Guard Connections at Engineered and Conventional Floor Systems
Guards can minimize the possibility of falls from an elevated surface. If attached to a floor system that cannot resist the loads applied to the guard it will fail. A new regulation is proposed for inclusion in the 2024 International Residential Code (IRC).
- The original proposal to change the IRC was approved by a vote of 5-4 at the ICC Committee Action Hearing (CAH) held in Rochester, New York, March 27 – April 6, 2022. The original code change and drawings appear below
Hearing testimony and the reason for approval at the CAH suggested several improvements be offered for consideration at the Public Comment Hearing to be held in Louisville, Kentucky, September 14-18, 2022. Acting on these suggestions the collaborative task group has submitted the following modification, reason statement and revision to the drawing notations.
Original Code Change and Drawings Recommendation
Floor Framing Supporting Guards (8638)
IRC: R502.11 (New), R502.11.1 (New), 502.11.2 (New), 502.11.3 (New)
Proponents: David Cooper, representing Stairbuilders and Manufacturers Association (firstname.lastname@example.org)
Add new text as follows:
R502.11 Floor framing supporting guards.. The framing at the open edge of a floor supporting a required guard assembly not exceeding 44 in. (1118 mm) in height shall be constructed in accordance with R502.11.1 or R502.11.2 or shall be designed in accordance with accepted engineering practice to support the guard assembly. Trusses and I-joists are prohibited as edge framing members supporting guards except where the effects of the guard loads are specifically considered in the design of the edge member.
R502.11.1 Conventional edge framing.. The framing at the edge of the floor shall consist of a solid or built-up wood member having a minimum net width of 3 inches (76mm) and a minimum net depth of 9-1/4 in. (235 mm) and shall be braced to resist rotation by roll bracing as described in 502.11.3 with a roll brace aligned with each guard post.
502.11.2 Timber edge framing.. The framing at the edge of the floor shall consist of a minimum 6×10 sawn timber or a minimum 5-1/8 in. x 9-1/4 in. (130 mm x 235 mm) glued laminated timber and shall be braced to resist rotation by roll bracing as described in 502.11.3 at intervals of 48 in. (1219 mm) or less.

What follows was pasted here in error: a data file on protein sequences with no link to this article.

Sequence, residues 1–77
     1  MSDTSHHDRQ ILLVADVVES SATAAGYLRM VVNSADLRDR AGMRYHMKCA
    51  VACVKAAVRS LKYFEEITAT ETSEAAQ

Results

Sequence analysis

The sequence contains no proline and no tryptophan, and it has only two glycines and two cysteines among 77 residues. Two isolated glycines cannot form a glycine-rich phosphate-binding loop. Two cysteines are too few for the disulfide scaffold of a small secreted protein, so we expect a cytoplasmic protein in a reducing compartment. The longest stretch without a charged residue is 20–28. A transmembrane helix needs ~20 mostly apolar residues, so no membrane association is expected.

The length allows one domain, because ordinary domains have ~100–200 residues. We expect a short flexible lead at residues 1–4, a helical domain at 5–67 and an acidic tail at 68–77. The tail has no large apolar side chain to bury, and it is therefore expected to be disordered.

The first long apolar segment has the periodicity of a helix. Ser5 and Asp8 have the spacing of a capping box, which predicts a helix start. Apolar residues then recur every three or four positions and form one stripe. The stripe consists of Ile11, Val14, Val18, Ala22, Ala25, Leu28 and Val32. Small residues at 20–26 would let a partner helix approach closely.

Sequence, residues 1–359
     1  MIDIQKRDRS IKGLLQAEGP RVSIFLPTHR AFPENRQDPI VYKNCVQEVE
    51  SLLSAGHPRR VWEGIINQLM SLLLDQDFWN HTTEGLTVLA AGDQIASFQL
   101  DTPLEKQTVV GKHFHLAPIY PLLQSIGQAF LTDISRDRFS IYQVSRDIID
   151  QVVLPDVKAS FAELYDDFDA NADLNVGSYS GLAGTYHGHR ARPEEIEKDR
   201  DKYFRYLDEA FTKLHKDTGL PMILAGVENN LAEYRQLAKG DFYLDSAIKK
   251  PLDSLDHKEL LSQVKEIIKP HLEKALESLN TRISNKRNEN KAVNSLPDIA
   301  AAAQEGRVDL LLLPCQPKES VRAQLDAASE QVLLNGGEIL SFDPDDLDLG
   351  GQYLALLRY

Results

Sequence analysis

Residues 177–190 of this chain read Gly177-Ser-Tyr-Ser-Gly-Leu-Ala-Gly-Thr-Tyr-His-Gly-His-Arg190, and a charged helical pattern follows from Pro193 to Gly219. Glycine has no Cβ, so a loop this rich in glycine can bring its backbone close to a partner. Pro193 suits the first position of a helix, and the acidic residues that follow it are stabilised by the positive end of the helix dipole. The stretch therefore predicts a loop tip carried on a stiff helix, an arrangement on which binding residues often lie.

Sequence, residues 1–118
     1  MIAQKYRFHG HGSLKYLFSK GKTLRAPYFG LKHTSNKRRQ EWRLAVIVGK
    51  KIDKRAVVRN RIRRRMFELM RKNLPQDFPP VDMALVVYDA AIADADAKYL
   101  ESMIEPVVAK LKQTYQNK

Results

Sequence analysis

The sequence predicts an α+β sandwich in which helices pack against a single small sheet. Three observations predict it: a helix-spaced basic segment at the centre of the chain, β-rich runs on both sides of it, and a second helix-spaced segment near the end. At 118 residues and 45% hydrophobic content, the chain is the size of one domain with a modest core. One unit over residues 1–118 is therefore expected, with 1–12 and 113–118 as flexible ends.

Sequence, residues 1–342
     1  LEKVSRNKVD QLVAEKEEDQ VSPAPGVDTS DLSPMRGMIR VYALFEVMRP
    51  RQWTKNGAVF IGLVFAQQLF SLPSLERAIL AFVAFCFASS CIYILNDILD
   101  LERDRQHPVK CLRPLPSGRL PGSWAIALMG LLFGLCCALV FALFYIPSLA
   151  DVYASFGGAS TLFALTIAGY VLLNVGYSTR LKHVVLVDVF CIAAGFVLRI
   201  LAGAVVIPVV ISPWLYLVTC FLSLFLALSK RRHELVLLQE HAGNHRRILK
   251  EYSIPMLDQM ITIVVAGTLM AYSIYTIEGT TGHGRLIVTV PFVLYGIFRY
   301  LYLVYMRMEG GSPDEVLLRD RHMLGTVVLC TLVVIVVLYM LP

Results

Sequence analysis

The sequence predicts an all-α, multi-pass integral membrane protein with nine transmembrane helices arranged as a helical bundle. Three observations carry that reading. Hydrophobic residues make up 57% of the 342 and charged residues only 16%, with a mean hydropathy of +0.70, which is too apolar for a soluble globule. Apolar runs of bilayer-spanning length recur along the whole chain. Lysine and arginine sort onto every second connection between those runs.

502.11.3 Roll bracing.. Each roll brace shall be a joist or blocking matching the depth of the edge member and extending perpendicular to the edge member a minimum of 16 in. from the edge. Blocking shall have end connections with a minimum of six (6) – 16d common nails. Floor sheathing shall be continuous for a minimum of 24 in (610 mm) from the edge and shall be fastened to each roll brace with a minimum of twelve (12) – 10d common nails and shall be fastened to the edge member with a minimum of twelve (12) – 10d common nails within 12 inches (305 mm) of the roll brace.
Reason: The Problem:
Guards are required to transfer the outward and downward loads applied at the top of the guard to the structure. If the structure fails, the guard cannot perform its defined function to minimize the possibility of a fall. Many floor systems (both conventional and engineered) are not being designed and constructed to resist guard loads at the edge of walking surfaces where guards are required. Manufacturers and designers of engineered floor systems (e.g., trusses and I-joists) and plan reviewers are commonly unaware of guard attachment requirements and do not ensure that framing is adequate to support guards. Inadequate framing is commonly encountered with costly reinforcement (and possibly redesign) needed at the time of guard installation. In current practice where inadequate framing is encountered, flooring or ceilings are ripped out to install blocking to harden the edge beam for attachment of the guard. Such fixes are not engineered and, in many cases, occur after the rough inspection. The problem will persist unless a solution can be codified.
A Collaborative Formed: